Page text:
In any case, I watched some Pirates of Dark Water as it was recommended in this thread. It has cool weird fantasy setting, I really like those. Though it doesn't seem to have nearly the amount of diversity implied here. Most non-D&D fantasy settings don't. They might have dozen species at most, and that's a lot. Over sixty is unheard of, even that famous Star Wars cantina doesn't have even near that amount. I like settings that feel really weird and alien, but still seem to make internal sense. Throwing in everything various D&D writers dreamed up over the decades in one setting is unlikely result this sort of internal coherence.
 

Reynard

Legend
Supporter
I have a player that will always take the weirdest available race. To his credit, he is as interested in the quirks of playing the race as he is the mechanics of that race. He is a min-maxer to the core but one who also loves to roleplay so I usually relent because I know allowing him to play whatever the dumb nee WotC race is will make the game more fun. I have another player who is just a min maxer without the spark of creative fun. I push them away from weird races as best I can.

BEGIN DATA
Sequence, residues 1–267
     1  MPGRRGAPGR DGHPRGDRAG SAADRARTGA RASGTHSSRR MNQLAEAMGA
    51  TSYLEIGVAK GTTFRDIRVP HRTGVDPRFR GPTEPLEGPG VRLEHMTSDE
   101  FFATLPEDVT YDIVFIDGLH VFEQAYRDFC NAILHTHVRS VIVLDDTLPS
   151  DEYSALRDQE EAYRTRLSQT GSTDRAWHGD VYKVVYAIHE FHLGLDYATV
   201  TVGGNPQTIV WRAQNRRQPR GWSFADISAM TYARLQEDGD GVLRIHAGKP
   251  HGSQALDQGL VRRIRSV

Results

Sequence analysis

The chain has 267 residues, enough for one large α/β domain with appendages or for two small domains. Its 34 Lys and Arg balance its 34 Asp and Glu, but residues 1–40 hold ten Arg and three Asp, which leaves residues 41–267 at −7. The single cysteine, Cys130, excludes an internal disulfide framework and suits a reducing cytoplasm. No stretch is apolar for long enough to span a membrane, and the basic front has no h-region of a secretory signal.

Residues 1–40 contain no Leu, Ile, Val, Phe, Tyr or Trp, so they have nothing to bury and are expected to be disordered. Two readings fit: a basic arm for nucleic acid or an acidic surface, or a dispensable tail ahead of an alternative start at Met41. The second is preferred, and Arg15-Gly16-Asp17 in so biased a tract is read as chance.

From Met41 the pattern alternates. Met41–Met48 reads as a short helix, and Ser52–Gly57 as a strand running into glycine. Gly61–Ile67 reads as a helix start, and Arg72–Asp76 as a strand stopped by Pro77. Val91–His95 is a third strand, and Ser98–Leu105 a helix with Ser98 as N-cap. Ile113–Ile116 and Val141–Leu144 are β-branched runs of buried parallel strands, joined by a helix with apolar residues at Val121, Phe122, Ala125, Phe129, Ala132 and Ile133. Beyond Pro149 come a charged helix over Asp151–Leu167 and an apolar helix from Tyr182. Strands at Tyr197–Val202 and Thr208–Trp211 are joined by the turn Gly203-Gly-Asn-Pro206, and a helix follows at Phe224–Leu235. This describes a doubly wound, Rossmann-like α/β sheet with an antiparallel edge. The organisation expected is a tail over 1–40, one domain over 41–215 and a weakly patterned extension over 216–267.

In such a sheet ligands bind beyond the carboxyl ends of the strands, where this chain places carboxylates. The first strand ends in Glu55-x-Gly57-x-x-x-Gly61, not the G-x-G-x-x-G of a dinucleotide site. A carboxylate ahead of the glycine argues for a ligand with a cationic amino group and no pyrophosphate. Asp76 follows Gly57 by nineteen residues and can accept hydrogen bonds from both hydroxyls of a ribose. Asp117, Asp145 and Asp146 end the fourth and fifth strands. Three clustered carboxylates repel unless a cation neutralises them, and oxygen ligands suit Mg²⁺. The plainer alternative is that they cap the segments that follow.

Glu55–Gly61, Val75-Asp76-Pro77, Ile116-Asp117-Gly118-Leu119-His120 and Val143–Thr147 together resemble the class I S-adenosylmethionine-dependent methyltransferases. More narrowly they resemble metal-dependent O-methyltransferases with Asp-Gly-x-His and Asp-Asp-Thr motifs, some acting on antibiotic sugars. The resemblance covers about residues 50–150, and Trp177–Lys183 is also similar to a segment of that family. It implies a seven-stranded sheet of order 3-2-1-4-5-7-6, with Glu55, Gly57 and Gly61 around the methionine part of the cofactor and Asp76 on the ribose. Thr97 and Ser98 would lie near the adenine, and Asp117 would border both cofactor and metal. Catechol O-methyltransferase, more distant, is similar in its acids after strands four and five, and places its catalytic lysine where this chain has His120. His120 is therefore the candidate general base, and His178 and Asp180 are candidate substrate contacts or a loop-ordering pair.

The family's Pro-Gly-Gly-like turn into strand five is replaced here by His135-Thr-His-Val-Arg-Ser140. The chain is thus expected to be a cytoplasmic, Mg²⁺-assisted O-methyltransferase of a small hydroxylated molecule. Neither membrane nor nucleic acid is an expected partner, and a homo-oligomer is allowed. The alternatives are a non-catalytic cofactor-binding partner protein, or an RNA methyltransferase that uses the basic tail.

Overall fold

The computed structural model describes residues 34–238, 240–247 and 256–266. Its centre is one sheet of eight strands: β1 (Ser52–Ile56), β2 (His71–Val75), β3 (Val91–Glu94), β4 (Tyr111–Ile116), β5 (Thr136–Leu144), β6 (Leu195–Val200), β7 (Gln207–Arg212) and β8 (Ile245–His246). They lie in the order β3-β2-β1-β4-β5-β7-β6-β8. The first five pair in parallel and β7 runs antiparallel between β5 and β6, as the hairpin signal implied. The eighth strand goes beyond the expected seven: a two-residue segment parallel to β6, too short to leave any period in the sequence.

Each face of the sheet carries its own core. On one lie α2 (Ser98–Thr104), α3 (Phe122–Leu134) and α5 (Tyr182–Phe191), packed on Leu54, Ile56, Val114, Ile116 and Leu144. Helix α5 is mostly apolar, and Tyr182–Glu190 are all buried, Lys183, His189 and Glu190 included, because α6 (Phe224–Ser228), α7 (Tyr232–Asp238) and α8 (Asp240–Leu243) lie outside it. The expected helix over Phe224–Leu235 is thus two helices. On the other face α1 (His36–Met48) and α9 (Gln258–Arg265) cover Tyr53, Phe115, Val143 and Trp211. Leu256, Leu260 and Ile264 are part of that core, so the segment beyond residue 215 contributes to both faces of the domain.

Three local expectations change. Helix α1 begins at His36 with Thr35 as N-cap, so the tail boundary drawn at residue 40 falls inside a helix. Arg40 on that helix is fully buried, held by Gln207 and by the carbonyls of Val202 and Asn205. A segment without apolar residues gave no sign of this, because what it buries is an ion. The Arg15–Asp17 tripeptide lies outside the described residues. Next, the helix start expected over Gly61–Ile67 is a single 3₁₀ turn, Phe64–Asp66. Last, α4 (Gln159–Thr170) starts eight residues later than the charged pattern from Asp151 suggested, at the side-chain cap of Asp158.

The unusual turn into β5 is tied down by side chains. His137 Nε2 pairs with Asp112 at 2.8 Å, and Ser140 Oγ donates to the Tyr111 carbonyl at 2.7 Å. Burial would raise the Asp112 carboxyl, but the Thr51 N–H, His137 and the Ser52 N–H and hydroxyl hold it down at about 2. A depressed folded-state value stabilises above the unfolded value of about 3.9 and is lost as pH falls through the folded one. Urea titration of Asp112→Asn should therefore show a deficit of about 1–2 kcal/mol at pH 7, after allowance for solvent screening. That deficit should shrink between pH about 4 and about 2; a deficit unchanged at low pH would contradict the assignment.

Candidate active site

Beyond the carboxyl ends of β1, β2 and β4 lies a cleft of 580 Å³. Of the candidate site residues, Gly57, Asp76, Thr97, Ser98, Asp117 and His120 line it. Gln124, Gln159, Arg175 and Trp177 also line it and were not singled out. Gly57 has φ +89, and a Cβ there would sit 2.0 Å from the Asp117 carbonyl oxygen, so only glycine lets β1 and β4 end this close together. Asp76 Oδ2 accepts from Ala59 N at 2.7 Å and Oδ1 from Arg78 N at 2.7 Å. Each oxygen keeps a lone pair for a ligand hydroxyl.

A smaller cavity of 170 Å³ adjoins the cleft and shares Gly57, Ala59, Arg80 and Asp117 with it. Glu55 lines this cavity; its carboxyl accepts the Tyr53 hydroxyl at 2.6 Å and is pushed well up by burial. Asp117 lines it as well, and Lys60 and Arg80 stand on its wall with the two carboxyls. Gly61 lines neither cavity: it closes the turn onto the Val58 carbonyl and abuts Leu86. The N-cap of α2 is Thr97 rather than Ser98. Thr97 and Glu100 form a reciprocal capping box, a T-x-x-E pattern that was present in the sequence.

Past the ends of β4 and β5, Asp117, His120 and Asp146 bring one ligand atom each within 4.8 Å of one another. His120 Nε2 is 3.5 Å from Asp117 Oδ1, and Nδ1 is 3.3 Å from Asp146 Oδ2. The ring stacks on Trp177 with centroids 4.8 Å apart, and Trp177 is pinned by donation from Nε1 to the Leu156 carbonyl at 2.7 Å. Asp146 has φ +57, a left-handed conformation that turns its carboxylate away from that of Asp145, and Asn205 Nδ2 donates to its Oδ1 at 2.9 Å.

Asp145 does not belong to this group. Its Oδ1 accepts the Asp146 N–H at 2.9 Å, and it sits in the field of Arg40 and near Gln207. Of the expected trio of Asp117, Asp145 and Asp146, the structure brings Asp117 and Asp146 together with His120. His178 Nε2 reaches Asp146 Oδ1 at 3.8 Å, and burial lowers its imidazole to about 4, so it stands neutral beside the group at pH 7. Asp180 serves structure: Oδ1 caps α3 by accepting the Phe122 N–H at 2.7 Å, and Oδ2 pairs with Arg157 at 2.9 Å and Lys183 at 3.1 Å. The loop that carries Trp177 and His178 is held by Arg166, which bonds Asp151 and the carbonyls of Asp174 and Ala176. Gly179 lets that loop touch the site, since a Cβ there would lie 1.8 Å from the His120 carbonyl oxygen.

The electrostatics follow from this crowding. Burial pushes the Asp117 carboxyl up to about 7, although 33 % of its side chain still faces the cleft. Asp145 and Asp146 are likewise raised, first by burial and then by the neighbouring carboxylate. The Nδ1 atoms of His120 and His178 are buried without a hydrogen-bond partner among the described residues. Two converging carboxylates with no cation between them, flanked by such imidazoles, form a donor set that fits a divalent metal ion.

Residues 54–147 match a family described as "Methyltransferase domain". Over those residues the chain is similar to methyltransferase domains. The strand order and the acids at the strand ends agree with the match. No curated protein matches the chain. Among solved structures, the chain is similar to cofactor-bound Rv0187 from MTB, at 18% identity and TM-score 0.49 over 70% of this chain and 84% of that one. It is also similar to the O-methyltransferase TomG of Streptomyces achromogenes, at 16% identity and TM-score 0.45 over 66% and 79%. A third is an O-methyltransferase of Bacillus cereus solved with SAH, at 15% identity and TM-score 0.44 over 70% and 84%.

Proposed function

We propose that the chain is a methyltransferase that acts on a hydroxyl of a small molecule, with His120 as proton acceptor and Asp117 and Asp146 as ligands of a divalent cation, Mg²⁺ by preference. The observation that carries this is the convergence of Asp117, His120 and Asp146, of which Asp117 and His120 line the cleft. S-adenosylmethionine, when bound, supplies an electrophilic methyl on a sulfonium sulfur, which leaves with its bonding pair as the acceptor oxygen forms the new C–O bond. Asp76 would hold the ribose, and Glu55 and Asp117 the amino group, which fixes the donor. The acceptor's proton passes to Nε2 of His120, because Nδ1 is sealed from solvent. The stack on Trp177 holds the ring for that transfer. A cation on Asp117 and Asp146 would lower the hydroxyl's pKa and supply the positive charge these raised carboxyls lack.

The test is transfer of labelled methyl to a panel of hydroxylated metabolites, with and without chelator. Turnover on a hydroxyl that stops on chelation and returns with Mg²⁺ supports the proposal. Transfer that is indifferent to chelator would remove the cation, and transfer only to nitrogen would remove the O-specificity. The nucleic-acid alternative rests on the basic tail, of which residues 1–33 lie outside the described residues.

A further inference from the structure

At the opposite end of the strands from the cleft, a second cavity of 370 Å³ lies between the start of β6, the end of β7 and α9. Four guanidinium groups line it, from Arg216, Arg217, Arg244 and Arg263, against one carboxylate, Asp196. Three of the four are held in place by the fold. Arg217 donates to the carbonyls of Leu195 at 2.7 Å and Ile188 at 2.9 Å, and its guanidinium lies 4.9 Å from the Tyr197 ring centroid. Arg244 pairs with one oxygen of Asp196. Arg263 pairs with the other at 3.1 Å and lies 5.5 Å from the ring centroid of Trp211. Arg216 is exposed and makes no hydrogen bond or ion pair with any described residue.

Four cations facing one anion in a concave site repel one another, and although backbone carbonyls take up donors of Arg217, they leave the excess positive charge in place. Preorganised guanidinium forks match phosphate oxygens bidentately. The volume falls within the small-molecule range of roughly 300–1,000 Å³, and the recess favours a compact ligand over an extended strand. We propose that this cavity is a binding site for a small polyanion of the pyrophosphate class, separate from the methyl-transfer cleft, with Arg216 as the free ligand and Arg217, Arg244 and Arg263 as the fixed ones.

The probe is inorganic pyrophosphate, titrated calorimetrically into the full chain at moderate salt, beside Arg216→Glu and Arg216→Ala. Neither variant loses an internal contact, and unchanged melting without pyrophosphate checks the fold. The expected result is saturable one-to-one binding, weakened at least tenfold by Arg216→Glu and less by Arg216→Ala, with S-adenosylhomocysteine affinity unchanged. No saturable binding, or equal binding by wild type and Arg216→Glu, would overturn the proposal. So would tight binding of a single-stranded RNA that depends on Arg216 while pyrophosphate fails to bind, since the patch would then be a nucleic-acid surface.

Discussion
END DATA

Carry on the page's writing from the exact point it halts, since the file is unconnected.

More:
If it’s because they are out of towners, cool. If it’s because they’re not human, Lif is a bigoted dingus and he’s gonna get robbed later. Or have a song circulate around town satirizing and humiliating him.

Honestly, swindling out-of-towners is xenophobic, not better than racism. And swindly people randomly, while inclusive, is still something that would be, like racism and xenophobia, be considered illegal and despicable, at least worthy of a song if the authorities don't deal with it.

As a side note, having the guards do nothing about it was totally common in the past settings, because morally corrupt authorities were commonplace, as much as on Earth. The more the settings implies a much better general awareness of societal issues among the fantasy population, to the point that the population of fantasy settings is more advanced than us in that regard, the more it sounds strange to me that the population to tolerate those authorities as much.

(I understand it wasn't the crux of your argument, but I needed to react to the idea that it a bigoted barkeep would be worse than a xenophobic one or a scamming one).